When I asked about the family in Stromness, I was told that there was a picture of two of his grand-daughters, Jessie Moore and Maimie Sutherland, in Sea Haven, the book by Keith Allardyce and Bryce Wilson. Bryce had quoted from Sailing Ships of the London River by Frank G. Bowen so I borrowed a copy of the book through Inter-Library Loan and found this.
Captain Sutherland, ‘Jock’, as he was invariably called, was an Orcadian by birth and was originally a ship’s carpenter. A colossal man, nearly six feet six inches high, he was as gentle as a lamb for all his great strength. He trusted his officers to get on with their job, and it was very seldom that he saw any reason to interfere, but when he did it was not easily forgotten. He believed that an officer of a sailing ship should be able to turn out a spare spar as well as the average ship’s carpenter, and that he ought to be a thoroughly practical sail maker as well. So, while his officers got on with the running of the ship, he paid every attention to the training of the apprentices and any boys that he might have on board. Many a first-class sailorman, including some of the senior officers in the New Zealand Company, has good reason to be deeply grateful to ‘Jock’ Sutherland for all he did for them.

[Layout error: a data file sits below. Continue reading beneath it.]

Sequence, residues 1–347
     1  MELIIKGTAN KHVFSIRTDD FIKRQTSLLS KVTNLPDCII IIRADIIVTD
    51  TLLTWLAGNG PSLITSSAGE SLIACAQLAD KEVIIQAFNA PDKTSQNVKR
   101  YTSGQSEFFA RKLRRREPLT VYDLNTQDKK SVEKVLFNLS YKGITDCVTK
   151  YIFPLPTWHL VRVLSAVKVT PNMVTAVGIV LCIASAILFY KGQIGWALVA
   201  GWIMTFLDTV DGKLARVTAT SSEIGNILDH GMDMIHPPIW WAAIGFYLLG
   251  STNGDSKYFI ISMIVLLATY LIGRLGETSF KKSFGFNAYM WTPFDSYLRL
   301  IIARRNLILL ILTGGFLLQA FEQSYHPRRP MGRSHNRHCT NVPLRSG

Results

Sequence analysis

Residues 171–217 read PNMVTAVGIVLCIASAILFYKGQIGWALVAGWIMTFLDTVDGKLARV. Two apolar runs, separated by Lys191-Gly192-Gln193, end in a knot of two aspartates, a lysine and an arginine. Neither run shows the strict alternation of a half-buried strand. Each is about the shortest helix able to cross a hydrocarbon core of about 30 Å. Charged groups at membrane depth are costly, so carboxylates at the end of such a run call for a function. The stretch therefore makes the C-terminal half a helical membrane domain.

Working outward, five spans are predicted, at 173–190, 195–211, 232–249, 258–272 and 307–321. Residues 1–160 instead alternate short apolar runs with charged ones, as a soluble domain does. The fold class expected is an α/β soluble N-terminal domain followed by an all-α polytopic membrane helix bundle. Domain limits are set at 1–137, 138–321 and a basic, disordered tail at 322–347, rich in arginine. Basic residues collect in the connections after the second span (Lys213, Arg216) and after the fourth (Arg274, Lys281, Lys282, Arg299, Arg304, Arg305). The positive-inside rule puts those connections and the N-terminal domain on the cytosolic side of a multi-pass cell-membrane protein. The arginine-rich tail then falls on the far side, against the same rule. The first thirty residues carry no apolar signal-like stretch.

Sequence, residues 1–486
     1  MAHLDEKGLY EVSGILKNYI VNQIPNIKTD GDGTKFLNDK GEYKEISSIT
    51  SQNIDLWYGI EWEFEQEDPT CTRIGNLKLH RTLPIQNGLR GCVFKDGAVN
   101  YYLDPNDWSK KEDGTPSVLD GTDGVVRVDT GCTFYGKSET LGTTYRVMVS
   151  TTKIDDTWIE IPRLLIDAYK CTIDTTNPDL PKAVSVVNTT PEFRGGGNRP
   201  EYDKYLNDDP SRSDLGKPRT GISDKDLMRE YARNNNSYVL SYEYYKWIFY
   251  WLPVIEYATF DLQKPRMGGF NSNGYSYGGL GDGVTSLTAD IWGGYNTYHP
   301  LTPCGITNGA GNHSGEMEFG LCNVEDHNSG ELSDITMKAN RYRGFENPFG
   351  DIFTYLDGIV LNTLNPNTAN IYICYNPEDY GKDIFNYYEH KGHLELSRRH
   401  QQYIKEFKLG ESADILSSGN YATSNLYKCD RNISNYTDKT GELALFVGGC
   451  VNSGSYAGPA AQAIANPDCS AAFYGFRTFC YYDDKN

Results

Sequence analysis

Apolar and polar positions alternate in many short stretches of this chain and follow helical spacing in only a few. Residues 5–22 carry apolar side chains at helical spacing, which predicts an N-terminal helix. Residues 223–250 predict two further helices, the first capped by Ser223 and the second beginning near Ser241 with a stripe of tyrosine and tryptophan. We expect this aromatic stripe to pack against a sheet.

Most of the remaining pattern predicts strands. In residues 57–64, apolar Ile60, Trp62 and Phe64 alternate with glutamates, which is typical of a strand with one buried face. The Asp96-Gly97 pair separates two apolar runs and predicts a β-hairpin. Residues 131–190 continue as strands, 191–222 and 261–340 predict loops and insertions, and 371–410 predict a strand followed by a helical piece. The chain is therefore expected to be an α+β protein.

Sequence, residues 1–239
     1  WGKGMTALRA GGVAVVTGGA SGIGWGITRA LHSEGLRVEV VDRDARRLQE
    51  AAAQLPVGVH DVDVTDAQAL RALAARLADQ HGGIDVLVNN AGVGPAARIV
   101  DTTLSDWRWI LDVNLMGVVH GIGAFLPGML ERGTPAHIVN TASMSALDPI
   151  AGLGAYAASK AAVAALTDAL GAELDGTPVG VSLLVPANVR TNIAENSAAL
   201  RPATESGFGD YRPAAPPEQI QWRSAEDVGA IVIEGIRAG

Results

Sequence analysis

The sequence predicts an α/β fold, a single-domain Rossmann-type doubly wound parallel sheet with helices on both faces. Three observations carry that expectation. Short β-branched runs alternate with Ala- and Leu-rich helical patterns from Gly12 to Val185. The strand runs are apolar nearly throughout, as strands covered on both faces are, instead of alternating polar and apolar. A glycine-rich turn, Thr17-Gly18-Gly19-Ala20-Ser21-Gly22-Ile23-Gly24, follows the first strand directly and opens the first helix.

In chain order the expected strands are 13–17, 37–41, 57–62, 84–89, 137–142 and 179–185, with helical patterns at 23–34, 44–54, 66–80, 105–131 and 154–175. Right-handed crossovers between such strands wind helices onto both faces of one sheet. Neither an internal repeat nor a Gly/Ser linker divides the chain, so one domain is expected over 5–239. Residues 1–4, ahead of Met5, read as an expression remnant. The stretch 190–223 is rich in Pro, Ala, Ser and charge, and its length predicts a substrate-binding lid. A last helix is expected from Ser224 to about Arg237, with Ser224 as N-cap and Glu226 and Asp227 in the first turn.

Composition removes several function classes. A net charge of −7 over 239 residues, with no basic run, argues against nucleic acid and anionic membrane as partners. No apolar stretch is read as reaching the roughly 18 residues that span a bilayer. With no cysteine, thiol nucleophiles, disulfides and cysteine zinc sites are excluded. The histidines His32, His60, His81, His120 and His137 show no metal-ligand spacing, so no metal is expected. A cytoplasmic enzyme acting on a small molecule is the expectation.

As long as things went smoothly and his instructions were carried out he was as light hearted as a boy, his great rumbling laugh being always near the surface, and he wanted all his hands to feel like laughing too, especially the youngsters. One point on which he was always very strict was that no work was to be made merely for the sake of keeping the men’s noses to the grindstone, and under Captain Sutherland the Piako was a thoroughly happy ship.”
An Orkney welcome